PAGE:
Figure 1: Color change (a) before AgNO3 addition (b) after AgNO3 addition.


Figure 2: UV visible absorbtion spectrum.


Figure 3: UV visible absorption spectrum showing optimum incubation temperature.


Figure 4: UV visible absorption spectrum showing optimum pH.

S.No Incubation Temperature (°C) Concentration (mol/lit)
1 10 9.46 *10-6
2 20 1.28*10-5
3 30 1.58*10-5
4 40 2.07*10-5

Table 1: Concentration of AgNPs at different incubation temperatures. pH Concentration (mol/lit)
1 5 1.44*10-5
2 6 1.47*10-5
3 7 1.4*10-5
4 8 1.86*10-5

Table 2: Concentration of AgNPS at different pH.

Rate of bioreduction is directly proportional to the substrate concentration [27]. In this case the optimum concentration was found to be 2 mM of silver nitrate. Reaction kinetics and morphology of nanoparticle is affected by precursor solution (silver nitrate) [28- 30] (Figure 5 and Table 3). Optimum fungal biomass was found to be 20 g. It seems that the biocatalysts were agents responsible for the amalgamation of nanoparticles. The enzyme reductase is an NADH dependent enzyme associated with the bioreduction of silver ions in case of fungi [8] (Figure 6 and Table 4).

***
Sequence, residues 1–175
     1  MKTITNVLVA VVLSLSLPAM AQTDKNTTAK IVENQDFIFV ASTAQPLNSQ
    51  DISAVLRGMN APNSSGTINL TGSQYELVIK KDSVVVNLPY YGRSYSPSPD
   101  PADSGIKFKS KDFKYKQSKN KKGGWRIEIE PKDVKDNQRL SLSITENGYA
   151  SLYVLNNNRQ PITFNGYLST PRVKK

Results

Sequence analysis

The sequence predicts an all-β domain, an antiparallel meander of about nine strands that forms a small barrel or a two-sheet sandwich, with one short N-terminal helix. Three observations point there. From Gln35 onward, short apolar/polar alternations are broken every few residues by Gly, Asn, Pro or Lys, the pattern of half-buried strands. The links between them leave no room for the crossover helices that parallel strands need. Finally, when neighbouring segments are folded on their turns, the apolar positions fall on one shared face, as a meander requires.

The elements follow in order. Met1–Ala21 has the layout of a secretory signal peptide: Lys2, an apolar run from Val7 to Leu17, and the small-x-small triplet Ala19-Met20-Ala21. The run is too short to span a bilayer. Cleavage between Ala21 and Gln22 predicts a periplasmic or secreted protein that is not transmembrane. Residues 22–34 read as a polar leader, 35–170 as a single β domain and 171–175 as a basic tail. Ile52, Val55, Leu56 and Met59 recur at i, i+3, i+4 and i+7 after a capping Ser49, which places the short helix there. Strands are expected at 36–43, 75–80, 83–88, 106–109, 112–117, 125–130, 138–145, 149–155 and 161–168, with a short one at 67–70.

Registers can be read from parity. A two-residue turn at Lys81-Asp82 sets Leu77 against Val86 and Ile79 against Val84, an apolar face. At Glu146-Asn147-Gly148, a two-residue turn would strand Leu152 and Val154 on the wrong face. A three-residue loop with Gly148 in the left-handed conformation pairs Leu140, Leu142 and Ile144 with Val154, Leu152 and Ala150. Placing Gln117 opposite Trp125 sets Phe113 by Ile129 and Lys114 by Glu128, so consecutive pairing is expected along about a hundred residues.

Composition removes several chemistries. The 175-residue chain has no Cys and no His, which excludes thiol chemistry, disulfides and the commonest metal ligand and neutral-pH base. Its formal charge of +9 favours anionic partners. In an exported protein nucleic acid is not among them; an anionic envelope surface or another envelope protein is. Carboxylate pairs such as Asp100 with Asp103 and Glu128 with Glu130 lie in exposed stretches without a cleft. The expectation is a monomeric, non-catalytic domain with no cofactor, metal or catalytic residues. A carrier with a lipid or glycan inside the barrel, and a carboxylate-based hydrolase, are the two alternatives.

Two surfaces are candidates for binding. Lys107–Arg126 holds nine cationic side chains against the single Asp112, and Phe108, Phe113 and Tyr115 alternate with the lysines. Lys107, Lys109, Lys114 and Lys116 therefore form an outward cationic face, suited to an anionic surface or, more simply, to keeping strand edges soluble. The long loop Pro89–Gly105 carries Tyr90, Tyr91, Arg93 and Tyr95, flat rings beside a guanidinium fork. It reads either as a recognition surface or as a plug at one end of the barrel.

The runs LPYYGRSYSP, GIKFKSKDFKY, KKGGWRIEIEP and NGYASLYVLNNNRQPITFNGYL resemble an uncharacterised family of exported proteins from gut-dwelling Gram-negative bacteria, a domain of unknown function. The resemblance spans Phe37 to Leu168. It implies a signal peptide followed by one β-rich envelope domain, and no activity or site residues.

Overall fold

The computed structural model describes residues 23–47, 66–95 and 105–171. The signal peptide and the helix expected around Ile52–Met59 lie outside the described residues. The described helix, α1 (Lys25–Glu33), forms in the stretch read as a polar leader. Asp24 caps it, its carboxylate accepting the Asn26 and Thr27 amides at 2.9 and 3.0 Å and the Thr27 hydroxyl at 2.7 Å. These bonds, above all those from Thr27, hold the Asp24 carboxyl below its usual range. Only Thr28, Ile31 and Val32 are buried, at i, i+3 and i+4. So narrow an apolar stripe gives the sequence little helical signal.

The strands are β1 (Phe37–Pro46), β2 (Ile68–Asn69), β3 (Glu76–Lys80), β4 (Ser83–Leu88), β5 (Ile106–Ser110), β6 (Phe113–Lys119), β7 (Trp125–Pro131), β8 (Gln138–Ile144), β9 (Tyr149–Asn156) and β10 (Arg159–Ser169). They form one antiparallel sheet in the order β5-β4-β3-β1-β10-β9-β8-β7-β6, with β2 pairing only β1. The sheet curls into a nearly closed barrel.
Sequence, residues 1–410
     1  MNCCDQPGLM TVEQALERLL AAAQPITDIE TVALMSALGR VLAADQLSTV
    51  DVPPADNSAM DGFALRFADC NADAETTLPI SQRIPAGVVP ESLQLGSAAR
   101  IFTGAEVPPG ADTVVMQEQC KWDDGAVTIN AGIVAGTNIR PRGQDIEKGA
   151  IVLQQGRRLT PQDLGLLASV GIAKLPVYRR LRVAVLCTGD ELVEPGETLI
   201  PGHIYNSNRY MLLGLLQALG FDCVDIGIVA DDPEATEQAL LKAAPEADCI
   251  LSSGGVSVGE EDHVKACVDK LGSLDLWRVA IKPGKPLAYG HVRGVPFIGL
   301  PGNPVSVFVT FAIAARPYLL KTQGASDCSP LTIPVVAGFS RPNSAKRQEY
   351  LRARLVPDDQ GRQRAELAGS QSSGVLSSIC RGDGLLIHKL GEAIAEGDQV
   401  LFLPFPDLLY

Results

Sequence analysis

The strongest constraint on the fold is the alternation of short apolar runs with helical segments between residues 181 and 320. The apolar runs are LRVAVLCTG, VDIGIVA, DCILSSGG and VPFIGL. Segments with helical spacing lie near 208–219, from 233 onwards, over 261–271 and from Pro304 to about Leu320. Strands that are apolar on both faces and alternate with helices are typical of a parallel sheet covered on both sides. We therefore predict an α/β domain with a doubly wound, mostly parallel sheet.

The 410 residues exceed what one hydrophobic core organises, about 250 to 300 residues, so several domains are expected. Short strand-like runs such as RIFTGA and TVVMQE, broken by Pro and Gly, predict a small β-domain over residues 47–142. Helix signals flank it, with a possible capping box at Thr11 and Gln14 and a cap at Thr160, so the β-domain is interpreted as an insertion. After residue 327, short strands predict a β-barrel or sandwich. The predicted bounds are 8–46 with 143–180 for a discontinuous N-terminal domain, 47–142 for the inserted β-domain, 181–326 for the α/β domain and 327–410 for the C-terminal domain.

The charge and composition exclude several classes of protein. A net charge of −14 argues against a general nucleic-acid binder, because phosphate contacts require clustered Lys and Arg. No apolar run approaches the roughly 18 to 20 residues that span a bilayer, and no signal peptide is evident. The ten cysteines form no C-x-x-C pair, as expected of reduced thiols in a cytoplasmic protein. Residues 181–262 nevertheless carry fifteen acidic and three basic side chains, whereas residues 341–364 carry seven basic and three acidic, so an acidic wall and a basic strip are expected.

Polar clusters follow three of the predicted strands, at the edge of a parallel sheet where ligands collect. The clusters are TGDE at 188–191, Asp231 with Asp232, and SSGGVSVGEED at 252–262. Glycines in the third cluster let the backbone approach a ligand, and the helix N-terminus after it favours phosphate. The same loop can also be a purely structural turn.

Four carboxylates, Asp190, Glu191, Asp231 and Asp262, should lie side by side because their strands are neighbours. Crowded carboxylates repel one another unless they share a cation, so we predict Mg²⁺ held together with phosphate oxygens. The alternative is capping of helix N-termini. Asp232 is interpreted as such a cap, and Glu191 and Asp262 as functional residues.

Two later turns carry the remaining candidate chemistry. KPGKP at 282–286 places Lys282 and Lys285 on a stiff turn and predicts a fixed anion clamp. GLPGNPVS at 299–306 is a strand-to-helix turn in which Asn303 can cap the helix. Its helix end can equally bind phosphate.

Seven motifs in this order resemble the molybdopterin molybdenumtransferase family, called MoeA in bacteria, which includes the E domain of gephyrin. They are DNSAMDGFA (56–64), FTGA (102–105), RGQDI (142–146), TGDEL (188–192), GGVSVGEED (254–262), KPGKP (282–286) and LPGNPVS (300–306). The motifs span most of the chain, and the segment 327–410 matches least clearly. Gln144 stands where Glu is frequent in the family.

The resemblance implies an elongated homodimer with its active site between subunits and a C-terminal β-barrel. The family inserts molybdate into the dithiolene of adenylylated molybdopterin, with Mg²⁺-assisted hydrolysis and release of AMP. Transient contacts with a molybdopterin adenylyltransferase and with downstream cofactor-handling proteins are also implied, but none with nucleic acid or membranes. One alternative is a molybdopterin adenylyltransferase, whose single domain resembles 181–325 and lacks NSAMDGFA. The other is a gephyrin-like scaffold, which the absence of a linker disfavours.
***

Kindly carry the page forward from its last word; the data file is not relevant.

Figure 5: UV visible absorption spectrum showing optimum AgNO3 concentration.


Figure 6: UV visible absorption spectrum showing optimum fungal biomass concentration. AgNO3 Concentration Concentration (mol/lit)
1 0.5 2.85*10-6
2 1 1.58*10-5
3 1.5 2.5*10-5
4 2 3.38*10-5

Table 3: Concentration of AgNPs at different AgNO3 concentration. Fungal Biomass (g) Concentration (mol/lit)
1 5 1.04*10-6
2 10 1.44*10-5
3 15 1.83*10-5
4 20 2.33*10-5

Table 4: Concentration of AgNPs at different fungal biomass.


Numerous synthetic methods were available for the synthesis of silver nanoparticles but these methods were quite cost ineffective and uses chemicals that were toxic in nature. Therefore employing biological organism such as fungi, plant etc. offers a clean and cheap alternative process for the amalgamation of silver nanoparticles. Among these microorganisms’ fungi is the most suitable biological entity for nanoparticle fabrication because it not only offers simple downstream processing for product recovery but makes the handling of biomass quiet easy. Besides, optimization of the reaction parameters can easily be achieved to obtain maximum concentration of silver nanoparticles of unique morphology.